Need Help with your Wrongful Termination Claim?
If you have been wrongfully terminated from a job and don’t know where to turn, contact an employment attorney as soon as possible to discuss your options. An attorney can explain the law that applies to your situation and how you might want to proceed.
Whether you’re looking for reinstatement to your previous job or financial compensation, you’ll need an experienced lawyer on your side to help you navigate the often confusing process of pursuing a wrongful termination claim.
Before initiating any legal proceedings, an attorney can try to negotiate a settlement with your employer. If that doesn’t work, an attorney can help you file your claim with the EEOC or your state’s fair employment agency. If you want to file a lawsuit, hiring an experienced employment lawyer to represent you will give you the best chance of achieving a positive outcome.
Looking for a Lawyer?
At Lawyers.com, you’ll find a user-friendly search tool that allows you to tailor results by area of law and geography. You can also search for attorneys by name. Attorney profiles prominently display contact information, list topics of expertise, and show ratings—by both clients and other legal professionals.
Ready to Meet With a Lawyer?
Before hiring a lawyer or law firm, make sure to speak directly—preferably in person—to the attorney who will be primarily responsible for handling your case. Consider bringing to the conversation a list of questions and any documentation related to your case. Remember that you don’t need to hire the first lawyer you consult and that, first and foremost, you want a lawyer you trust.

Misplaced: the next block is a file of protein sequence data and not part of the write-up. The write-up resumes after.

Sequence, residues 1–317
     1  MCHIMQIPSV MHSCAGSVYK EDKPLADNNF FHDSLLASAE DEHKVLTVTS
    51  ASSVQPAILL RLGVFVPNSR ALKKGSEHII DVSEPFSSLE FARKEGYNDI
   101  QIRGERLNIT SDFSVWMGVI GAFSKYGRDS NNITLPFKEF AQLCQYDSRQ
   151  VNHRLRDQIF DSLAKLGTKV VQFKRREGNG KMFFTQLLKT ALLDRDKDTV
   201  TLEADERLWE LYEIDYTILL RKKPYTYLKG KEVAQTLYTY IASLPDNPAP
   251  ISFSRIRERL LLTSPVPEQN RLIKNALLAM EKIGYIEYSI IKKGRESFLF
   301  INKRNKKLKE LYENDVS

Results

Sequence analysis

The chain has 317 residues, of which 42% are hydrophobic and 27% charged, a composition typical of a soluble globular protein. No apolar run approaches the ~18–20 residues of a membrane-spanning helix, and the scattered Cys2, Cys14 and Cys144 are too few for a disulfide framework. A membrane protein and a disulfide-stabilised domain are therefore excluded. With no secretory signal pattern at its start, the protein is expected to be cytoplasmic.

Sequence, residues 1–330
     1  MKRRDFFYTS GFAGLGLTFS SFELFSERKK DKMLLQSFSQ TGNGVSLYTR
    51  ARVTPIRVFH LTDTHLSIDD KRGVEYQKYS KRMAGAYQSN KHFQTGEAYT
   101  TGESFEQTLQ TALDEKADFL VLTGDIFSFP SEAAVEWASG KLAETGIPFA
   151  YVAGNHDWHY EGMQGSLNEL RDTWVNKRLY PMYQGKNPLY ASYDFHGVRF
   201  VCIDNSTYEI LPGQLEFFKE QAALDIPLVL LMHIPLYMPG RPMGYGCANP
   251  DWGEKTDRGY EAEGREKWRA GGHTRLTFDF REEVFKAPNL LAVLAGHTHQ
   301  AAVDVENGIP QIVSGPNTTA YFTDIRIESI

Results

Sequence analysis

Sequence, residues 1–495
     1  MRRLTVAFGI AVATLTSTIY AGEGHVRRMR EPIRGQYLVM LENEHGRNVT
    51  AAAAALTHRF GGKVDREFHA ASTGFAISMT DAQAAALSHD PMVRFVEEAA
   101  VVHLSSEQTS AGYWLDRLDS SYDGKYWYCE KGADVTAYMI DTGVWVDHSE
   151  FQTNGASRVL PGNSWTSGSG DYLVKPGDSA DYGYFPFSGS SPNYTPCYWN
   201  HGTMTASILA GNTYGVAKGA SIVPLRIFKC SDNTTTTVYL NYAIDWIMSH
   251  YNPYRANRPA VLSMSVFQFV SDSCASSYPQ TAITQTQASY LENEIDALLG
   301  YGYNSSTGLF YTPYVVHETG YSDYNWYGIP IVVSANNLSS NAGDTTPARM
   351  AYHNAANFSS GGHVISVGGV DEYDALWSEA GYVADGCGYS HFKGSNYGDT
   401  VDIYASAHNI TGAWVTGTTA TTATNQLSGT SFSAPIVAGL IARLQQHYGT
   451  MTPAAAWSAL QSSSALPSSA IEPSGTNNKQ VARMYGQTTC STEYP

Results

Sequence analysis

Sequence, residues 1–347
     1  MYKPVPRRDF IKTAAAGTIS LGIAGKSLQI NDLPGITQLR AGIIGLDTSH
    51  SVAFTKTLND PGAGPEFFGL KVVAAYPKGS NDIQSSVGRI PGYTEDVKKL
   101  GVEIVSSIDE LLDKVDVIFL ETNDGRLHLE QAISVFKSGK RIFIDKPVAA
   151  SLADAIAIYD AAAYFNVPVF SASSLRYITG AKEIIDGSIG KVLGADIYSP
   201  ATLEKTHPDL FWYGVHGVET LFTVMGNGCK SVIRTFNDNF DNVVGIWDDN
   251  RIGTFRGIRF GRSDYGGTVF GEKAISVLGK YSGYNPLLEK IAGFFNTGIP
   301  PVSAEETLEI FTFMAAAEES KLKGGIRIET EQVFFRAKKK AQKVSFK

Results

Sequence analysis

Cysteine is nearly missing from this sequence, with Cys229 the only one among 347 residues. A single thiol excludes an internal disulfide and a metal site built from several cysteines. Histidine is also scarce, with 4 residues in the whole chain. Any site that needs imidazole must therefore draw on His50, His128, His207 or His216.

What to Ask a Lawyer
When gathering your thoughts and documents, think about what you’ll want to ask the lawyer. Consider including on your list questions about:
- the attorney-client privilege
- the lawyer’s experience with wrongful termination cases
- the lawyer’s familiarity with filing claims before your state’s fair employment agency or the EEOC
- how often the lawyer goes to trial (as opposed to settling)
- the chances of reinstatement to your previous job
- who else will work on your case
- attorneys’ fees and other expenses related to the case (including how the cost might increase as the case moves to other stages, like trial)
- how long the case might take, and
- the lawyer’s initial impressions of your case and options